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Fitness Excuse Busters

Mountain guide and author of Fit by Nature John D. Colver offers up these hints for staying motivated and fit no matter what your excuse.
Motivation to get you moving (by K. Phillips)

Excuse: I reached my goal.
Strategy for overcoming it: Congratulations! You should celebrate and even take a couple of weeks off. Even professional athletes do this. Consider this a recovery phase. The next phase is the transition phase, during which you reflect on what you achieved and dream about new heights you want to attain. Did your first back-packing trip, how about a hiking vacation in Italy! 

Excuse: I’ve got no time.
Strategy for overcoming it: To bust this excuse, remind yourself that 30 minutes of exercise often gives you extra energy. You may think you’ve got no time, but skipping exercise is like skipping breakfast. By mid-morning, you’ll wish you hadn’t.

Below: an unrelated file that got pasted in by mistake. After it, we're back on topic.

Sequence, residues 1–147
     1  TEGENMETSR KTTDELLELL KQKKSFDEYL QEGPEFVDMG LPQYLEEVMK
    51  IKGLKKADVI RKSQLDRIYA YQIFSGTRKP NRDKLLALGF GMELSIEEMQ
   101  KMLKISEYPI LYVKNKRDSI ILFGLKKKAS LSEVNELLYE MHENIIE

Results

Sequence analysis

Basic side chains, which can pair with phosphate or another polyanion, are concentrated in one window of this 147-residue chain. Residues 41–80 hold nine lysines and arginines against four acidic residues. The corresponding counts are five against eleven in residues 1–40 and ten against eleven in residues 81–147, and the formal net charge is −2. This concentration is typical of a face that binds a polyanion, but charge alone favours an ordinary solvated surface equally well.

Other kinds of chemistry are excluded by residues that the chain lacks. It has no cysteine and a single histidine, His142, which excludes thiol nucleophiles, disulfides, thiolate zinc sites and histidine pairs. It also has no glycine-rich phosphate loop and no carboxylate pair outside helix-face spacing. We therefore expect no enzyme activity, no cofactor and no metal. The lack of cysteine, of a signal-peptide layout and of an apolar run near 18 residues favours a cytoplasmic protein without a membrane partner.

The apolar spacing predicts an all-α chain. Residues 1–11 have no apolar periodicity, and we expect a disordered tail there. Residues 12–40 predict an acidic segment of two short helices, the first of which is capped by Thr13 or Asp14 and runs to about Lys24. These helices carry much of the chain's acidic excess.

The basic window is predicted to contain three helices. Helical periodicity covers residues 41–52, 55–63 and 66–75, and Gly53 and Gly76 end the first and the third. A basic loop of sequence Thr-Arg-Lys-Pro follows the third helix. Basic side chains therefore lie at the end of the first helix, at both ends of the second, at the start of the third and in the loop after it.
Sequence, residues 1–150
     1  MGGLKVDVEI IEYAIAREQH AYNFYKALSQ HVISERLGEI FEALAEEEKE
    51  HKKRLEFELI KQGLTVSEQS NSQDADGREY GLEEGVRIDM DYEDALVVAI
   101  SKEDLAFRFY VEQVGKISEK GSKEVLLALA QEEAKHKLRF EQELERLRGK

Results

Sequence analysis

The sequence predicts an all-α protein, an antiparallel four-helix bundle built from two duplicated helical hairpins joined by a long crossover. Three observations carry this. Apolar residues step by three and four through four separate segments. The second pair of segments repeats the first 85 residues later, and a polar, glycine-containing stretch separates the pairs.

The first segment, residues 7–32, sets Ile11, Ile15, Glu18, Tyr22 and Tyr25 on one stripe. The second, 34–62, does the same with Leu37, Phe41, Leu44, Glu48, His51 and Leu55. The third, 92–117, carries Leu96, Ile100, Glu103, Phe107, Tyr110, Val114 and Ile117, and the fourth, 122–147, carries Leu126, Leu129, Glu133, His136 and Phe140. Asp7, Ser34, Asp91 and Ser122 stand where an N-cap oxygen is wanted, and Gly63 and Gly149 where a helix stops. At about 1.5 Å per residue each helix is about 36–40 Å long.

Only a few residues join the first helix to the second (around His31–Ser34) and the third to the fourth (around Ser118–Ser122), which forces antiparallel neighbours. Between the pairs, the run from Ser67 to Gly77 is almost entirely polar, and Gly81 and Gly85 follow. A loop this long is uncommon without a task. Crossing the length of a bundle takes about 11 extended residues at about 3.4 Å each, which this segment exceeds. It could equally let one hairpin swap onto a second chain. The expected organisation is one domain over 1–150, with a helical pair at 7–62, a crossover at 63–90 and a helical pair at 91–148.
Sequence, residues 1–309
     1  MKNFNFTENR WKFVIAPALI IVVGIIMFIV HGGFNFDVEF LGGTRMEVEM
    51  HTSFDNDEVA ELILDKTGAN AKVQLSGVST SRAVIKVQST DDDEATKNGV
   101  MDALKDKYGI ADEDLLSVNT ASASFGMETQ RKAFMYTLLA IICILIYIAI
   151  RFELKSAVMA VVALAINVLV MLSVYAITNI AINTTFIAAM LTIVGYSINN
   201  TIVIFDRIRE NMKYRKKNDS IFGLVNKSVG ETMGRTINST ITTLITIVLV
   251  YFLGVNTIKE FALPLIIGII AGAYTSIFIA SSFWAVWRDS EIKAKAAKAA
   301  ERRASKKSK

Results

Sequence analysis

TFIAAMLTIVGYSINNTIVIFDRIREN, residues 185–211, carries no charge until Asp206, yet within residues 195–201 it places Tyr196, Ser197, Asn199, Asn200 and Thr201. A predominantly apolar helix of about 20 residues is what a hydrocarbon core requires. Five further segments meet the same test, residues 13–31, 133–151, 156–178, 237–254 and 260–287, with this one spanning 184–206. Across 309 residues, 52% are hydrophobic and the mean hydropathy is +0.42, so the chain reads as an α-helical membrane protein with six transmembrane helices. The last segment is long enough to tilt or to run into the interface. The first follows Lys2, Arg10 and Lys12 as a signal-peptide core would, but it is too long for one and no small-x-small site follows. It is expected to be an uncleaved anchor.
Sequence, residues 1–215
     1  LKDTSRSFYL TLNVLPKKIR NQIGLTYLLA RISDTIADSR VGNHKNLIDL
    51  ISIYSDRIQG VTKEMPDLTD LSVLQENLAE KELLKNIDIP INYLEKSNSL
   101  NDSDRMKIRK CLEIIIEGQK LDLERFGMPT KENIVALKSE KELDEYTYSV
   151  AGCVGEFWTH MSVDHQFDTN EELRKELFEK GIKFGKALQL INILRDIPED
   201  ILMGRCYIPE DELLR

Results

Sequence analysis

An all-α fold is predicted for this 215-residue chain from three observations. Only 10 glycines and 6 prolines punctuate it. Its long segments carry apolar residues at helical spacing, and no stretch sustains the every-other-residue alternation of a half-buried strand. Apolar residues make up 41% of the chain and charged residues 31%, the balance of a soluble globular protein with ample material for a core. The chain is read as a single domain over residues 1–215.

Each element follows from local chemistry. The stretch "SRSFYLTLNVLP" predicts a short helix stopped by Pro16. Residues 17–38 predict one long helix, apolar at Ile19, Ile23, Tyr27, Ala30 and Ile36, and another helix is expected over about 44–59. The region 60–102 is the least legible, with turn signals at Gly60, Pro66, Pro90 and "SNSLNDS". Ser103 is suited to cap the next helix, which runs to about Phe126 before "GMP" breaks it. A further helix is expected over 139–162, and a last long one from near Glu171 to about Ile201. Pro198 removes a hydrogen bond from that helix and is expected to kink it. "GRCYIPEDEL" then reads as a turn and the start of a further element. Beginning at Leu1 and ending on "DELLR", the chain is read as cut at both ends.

Excuse: I got bored
Strategy for overcoming it: Start changing things up! Change your workout order, your location, your clothing, even your playlist if you think it’ll help. Physical change can lead to a corresponding attitude change. Mood follows action–nearly always

Excuse: I got injured.
Strategy for overcoming it: All athletes get injured at some point. Take it as a warning to re-boot your training intensity, duration, and routine. When recovering from an injury, you’ll learn new things about your body and your limits. Figure out the problem, develop an alternative workout routine that isolates the affected area, and re-start your training a slower pace. There’s always a silver lining to every setback.

Excuse: My training partner quit on me.
Strategy for overcoming it: Start by congratulating yourself that you didn’t quit. Because you won’t be quitting. Ask yourself: "What am I doing right?" and focus on the positives. Recruit another person to train with you. Or, if you decide to train alone—celebrate your newfound solitude by devoting your trainng time to brainstorming or problem-solving. Try this: When running or hiking, say ‘Hi’ to everyone you meet along the trail. Doing so connects you to the wider outdoor community, even if you’re exercising alone.


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